While Blacks were now technically allowed to vote and go to school, schools often would not take Blacks in and teach them skills such as reading and writing. Felony disenfranchisement laws had already existed, but now were expanded to exclude people who were arrested and charged with any offense. Felony disenfranchisement laws kept prior convicts from the right to vote, and voting requirements such as “literacy tests, poll taxes, grandfather clauses and ultimately, the threat of white terror” pushed them further away from the voting polls (Heitzeg 63). Some African Americans had made their way out of this disenfranchisement and even made their way to being a name on the ballot, but with their biggest supporters, their fellow Black men, unable to support them, they remained outnumbered in political seats. However, the Populist movement began to gain speed when it targeted the Conservative party and stood up for the low income class, who was made up of both Blacks and Whites (Alexander 33).
However, Jim Crow was in full swing and segregated Blacks from Whites “in virtually every sphere of life, lending sanction to a racial ostracism that extended to schools, churches, housing, jobs, restrooms, hotels, restaurants, hospitals, orphanages, prisons, funeral homes, morgues, and cemeteries” (Alexander 35). State and city legislature, being comprised mostly or completely of whites, were happy to pass laws such as these to keep their lives as separated from the Blacks as possible. But the tables would begin to turn as more Blacks moved up North to a more accepted way of life and the NAACP would come into being; this becomes the beginning of the Civil Rights Movement.
Brown vs. Board of Education is the most noted ruling of its kind to declare segregation unconstitutional. Even before that, steps were being made to desegregate after the Morrill Act of 1890 called for a separate but equal standing of the races. Separate absolutely did not constitute equal, as federal and state money could be allocated to whomever the White legislators chose. The Supreme Court ended white-only primaries, declared segregated public transport unconstitutional, and ended real estate contracts that were made to discriminate against buyers before the time of Brown vs. Board of Education, but Brown vs. Board of Education had a wider reach that required schools across the country to desegregate thousands of school children (Alexander 36). Now that White and Black children were allowed to sit together, go to school together, and become friends, they would grow up and fight together against the racism that brainwashed the nation.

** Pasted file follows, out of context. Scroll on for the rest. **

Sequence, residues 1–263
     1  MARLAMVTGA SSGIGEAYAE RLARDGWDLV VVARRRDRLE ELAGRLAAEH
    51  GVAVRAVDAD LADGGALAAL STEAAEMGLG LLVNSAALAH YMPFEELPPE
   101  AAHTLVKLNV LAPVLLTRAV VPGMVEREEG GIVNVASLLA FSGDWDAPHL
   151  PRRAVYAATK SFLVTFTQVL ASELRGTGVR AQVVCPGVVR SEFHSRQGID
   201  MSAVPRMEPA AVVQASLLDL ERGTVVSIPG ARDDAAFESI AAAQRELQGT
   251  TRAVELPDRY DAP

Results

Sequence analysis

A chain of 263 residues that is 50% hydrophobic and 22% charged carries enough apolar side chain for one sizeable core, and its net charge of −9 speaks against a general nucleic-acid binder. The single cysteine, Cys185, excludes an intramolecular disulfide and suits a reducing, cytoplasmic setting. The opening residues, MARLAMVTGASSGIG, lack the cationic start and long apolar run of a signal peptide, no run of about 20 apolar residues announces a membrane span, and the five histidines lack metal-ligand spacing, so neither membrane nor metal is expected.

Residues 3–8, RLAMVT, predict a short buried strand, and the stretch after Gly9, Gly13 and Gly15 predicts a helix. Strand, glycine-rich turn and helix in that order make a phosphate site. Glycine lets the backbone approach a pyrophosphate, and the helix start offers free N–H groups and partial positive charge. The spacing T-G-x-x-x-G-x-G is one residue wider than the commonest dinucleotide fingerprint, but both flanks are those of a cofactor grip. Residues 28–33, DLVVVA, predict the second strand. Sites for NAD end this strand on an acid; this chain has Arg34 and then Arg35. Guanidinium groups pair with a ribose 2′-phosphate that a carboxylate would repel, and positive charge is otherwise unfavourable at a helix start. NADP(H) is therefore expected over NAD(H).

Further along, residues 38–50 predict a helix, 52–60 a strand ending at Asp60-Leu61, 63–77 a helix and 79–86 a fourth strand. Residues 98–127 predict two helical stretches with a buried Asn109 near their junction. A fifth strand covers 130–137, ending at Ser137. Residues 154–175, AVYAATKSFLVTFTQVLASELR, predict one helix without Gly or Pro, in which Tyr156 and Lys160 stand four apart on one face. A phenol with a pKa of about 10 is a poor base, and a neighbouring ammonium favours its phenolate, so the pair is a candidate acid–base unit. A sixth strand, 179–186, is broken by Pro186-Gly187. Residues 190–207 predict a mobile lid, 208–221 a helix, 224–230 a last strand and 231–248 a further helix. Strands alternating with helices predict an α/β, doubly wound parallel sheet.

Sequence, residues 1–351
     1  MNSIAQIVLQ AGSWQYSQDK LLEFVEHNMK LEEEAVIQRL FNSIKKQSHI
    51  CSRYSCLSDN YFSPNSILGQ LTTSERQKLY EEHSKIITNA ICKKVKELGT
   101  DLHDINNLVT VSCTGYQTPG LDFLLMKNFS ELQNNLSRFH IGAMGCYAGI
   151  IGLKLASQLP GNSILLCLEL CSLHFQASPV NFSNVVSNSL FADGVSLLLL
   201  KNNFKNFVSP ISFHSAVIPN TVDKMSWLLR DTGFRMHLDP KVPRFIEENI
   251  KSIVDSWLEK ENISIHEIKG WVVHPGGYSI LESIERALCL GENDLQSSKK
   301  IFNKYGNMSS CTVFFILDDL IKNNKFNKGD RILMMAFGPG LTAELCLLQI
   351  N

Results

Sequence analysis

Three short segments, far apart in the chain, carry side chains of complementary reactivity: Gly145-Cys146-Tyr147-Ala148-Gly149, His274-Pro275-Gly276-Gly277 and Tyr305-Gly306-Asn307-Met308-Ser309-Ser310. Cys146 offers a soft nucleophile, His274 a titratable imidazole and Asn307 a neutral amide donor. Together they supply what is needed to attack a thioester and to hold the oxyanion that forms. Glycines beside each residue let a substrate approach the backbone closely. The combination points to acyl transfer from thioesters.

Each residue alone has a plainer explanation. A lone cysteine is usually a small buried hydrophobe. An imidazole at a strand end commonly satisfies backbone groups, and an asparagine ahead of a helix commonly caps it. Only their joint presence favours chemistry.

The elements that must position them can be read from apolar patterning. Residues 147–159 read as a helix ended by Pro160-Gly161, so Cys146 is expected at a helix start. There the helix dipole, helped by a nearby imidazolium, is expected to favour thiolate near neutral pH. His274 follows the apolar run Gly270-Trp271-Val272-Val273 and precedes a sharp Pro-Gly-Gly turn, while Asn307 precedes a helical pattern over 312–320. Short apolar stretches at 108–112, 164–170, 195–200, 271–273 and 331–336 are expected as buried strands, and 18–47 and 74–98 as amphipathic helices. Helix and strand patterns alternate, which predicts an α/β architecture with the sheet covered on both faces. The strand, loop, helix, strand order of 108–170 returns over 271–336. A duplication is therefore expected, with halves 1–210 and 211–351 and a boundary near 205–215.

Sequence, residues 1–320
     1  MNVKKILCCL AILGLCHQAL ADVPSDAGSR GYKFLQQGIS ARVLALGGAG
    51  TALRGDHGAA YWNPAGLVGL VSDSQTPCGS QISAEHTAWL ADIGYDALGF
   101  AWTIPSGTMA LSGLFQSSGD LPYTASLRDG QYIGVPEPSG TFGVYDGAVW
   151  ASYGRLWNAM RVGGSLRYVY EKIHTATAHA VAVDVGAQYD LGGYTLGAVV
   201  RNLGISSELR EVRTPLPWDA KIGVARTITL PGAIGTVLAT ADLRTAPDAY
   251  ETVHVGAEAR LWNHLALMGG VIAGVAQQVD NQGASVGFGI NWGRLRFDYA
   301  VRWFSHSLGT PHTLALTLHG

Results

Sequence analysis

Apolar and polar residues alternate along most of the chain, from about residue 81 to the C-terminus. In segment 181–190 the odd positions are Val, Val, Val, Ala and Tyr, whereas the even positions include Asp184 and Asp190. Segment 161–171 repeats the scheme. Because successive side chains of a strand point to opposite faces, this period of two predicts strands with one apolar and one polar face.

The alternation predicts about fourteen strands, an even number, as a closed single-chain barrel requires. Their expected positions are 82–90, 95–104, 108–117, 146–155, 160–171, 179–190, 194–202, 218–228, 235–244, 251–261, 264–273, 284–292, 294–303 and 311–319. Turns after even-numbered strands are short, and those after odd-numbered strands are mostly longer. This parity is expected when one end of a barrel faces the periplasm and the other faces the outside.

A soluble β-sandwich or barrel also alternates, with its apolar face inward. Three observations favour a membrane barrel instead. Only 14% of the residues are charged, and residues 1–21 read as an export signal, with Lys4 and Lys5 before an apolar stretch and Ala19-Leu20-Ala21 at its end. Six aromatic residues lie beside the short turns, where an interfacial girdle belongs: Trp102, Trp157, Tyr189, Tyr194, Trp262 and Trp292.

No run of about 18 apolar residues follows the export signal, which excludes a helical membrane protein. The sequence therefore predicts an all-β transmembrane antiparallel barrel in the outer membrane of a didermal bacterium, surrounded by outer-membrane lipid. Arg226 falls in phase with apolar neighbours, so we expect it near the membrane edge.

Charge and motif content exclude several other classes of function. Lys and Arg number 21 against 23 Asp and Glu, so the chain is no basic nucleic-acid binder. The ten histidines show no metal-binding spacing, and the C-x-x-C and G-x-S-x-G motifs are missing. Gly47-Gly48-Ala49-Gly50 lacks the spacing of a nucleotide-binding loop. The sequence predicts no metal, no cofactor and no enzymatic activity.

In 1957 Congress realized the 1866 Civil Rights Act was no longer effective, and for the past several years had already been fighting to end the poll taxation, which was continuously turned down in the Senate (Burnham 697). Other things shot down in the Senate were fair employment and “federal support for school lunches on non-discriminatory allocation of the finds in segregated systems” (Burnham 697). While the members of Congress were voted on, the Senate had direct representatives for each state depending on their population and most supported ideals. This is an obvious issue in this era, as widespread racism in the South meant widespread racism in the Senate. The Civil Rights Act of 1957 included the infamous Part III, which would have allowed the Federal Department of Justice to hear cases of discrimination, whether direct proof of discrimination was or was not present (Burnham 702). Senators worried that allowing this act to pass would be “un-American” by allowing the army to intrude and enforce federal laws (Burnham 702). Instead, they watered down the act to another requirement of proof of discrimination (Burnham 703). As bombing and lynching continued in the South, bill after bill to provide protection and prosecution never saw the light of day, until 1960 when “three new criminal offenses aimed at the bombing problem” were created (Burnham 704). During this time, desegregation in Southern schools had been making slow progress, as only seventeen schools across the South had been desegregated by 1960 (Alexander 37). The slow progress was due to the power of the Ku Klux Klan, who was responsible for a majority of the violence towards Blacks, and had very little opposition by way of police and lawmakers. Sit-ins, peaceful protest, homes, and worship centers were met with violent backlash, but continued to press on in the fight for equal rights.
Martin Luther King Jr. is among one of the most famous men to stand up in the Civil Rights Movement against the injustice displayed towards his race, but many others also joined in to peacefully protest and boycott restaurants and public transport that continued to refuse to treat Blacks as equals. While many people conceded in the integration movement, many also harshly opposed. Martin Luther King Jr. was assassinated, as well as many other protestors and simply Black people were shot, beaten, blown up or otherwise in a desperate effort to retain a White comfort control of the nation. With the wide use of television, people looked on these instances with shock and horror at what their fellow man was capable of, and instead of joining the ranks to re-segregate, the acts were criminalized and seen for what they really were: senseless murder. President Kennedy took to the TV as well to announce his plans for a civil rights bill, but was assassinated before it made it through Congress. President Johnson came in and picked up where Kennedy left off, though it took a little over a year to produce the Civil Rights Act of 1964 (Alexander 36). The act “formally dismantled the Jim Crow system” and the subsequent Voting Rights Act of 1965 allowed for more Black participation and representation in the Federal circuit (Alexander 38).